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Born in Belfast on September 26, 1939, George McWhirter was raised between a kitchen house on the Shankill Road and a bungalow in Carnalea, Co. Down. He received his BA and DipEd from Queen's University in Belfast, where he was a classmate of poets Seamus Heaney and Seamus Deane and Robert Dunbar, the Irish literary critic. He taught at Kilkeel, Bangor, County Down (1962-1965), and at the University of Barcelona's Escuela de Idiomas (1965-1966). He came to Canada in 1966 and first taught high school in Port Alberni. He has lived in Vancouver since 1968, been involved with Vancouver Pacific Swim Club (now the Pacific Dolphins), acting as treasurer for 1992-93 and is an honorary member of CIVA (Canada-India Village Aid). He received his MA from UBC in 1970, staying on to become a full Professor and Head of the UBC Creative Writing Department from 1983 until 1993. He was associated with Prism International magazine as Managing Editor (68-69), Poetry Editor (70-76) and Co-Editor (1975-76), then as Advisory Editor from 1977-2005. He was editor of Words from the Inside (a Canadian Prison Arts magazine) in 1974 and 1975.
Some appearances of his translations and poetry in anthologies range in time and place from Soundings 72, edited by Seamus Heaney for Blackstaff Press in Belfast, to The Penguin Book of Canadian Verse (1973 and 1991 editions), 20th Century Latin American Poetry (University of Texas Press, 1996), Irish Writing in the 20th Century (Cork University Press, 2000), then Ireland once more for The Blackbird's Nest: An Anthology of Poetry from Queen's University Belfast (Blackstaff Press, 2003), and BC: In Fine Form: The Canadian Book of Form Poetry (Polestar, 2005). In 2008 he was featured in Rocksalt: An Anthology of Contemporary BC Poetry (Mother Tongue Publications Inc.), Jailbreaks: 99 Canadian Sonnets (Bibliosis). His poem, A Season of Easy Meat, appears in Poetry in Transit on the Vancouver buses, July 1, 2008-09. His version of Euripedes' Hecuba was produced by Blackbird Theatre at the Vancouver East Cultural Centre in late December 2007 and early January 2008.
McWhirter's novel, Cage (Oberon), about a BC priest in Mexico, won the Ethel Wilson Fiction Prize at the BC. Book Awards in 1988. As well as five collections of short stories, which include Bodyworks (Oberon, 1974), God's Eye (Oberon, 1981), Coming to Grips with Lucy (Oberon, 1982), A Bad Day To Be Winning (Oberon, 1984) and Musical Dogs (Oberon, 1996), he has published one novel about a kidnapping, partially set in the Squamish Valley, entitled Paula Lake (Oberon, 1985), and in another, The Listeners (Oberon 1991), he recalls his Belfast roots. He has a son, Liam, and a daughter, Grania. McWhirter and his wife Angela (Mairead Coid), whom he married in 1963, have maintained ongoing literary associations in Mexico with writers such as José Emilio Pacheco, Homero Aridjis and Gabriel Zaid. He published an award-winning translation of The Selected Poems of José Emilio Pacheco (New Directions, 1987). He was editor and major translator for an anthology of Mexican poets, Where Words Like Monarchs Fly(Anvil, 1999). Its title refers to the annual migration of monarch butterflies between Mexico and Canada, inspired by one man whose verse turned into a volume, Eyes to See Otherwise: The Selected Poems of Homero Aridjis, 1966-2000 (Carcanet/New Directions, 2002), for which McWhirter was co-editor and principal translator. As of 2008, he has completed a translation of Aridjis' Poemas Solares/Solar Poems for City Lights, San Francisco, 2009.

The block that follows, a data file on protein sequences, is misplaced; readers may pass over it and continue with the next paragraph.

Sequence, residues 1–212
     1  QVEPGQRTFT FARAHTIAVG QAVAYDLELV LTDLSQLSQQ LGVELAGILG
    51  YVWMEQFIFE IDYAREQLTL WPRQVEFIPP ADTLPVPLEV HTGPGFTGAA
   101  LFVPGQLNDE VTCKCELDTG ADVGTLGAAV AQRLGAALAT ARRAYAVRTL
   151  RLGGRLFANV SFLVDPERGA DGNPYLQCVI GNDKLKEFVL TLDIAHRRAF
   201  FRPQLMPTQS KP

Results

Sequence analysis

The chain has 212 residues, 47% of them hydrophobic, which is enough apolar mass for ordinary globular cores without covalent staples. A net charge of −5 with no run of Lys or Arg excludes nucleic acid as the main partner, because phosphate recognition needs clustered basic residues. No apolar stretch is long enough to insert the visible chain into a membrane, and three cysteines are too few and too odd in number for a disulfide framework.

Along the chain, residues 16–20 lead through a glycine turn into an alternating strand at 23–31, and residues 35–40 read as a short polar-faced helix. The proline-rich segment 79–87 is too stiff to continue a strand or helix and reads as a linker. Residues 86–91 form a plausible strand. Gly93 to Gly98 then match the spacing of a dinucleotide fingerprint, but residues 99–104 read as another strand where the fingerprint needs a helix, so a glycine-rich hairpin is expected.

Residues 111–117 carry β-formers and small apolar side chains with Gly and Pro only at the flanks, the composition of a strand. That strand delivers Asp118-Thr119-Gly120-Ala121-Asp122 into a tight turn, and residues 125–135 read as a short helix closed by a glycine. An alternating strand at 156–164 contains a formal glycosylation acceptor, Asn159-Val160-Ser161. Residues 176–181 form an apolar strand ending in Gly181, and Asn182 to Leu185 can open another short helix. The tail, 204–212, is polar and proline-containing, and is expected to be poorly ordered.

McWhirter's books of poetry include Catalan Poems (Oberon, 1971), Bloodlight for Malachi McNair (Kanchenjunga, 1974), Queen of the Sea (Oberon, 1976), Twenty-Five(Fiddlehead, 1978), The Island Man (Oberon, 1981), Fire Before Dark (Oberon, 1983), Incubus: The Dark Side of the Light (Oberon, 1997); A Staircase For All Souls (Oolichan, 1996), The Book of Contradictions (Oolichan, 2002), The Incorrection, (Oolichan Books, 2007), and he Anachronicles (Ronsdale Press, 2008).
As well as the Ethel Wilson Prize, he has won the League of Canadian Poets Canadian Chapbook Prize (for Ovid in Saskatchewan, 1998), the F.R. Scott Prize for Translation (1988), the Commonwealth Poetry Prize (shared with Chinua Achebe, 1972), the Macmillan Prize for Poetry, (University of British Columbia, 1969) as well as a Killam Prize for teaching in 1998 and another for Mentoring in 2004. In 2005 he won the Sam Black Award for his contribution to the Creative and Performing Arts and was made a lifetime member of the League of Canadian Poets for his contribution to poetry. On March 13, 2007, he was inaugurated at Vancouver City Hall as the City's first Poet Laureate. In addition, his book, The Incorrection, was nominated for the Dorothy Livesay Poetry Prize at the 2008 BC Book Prizes.
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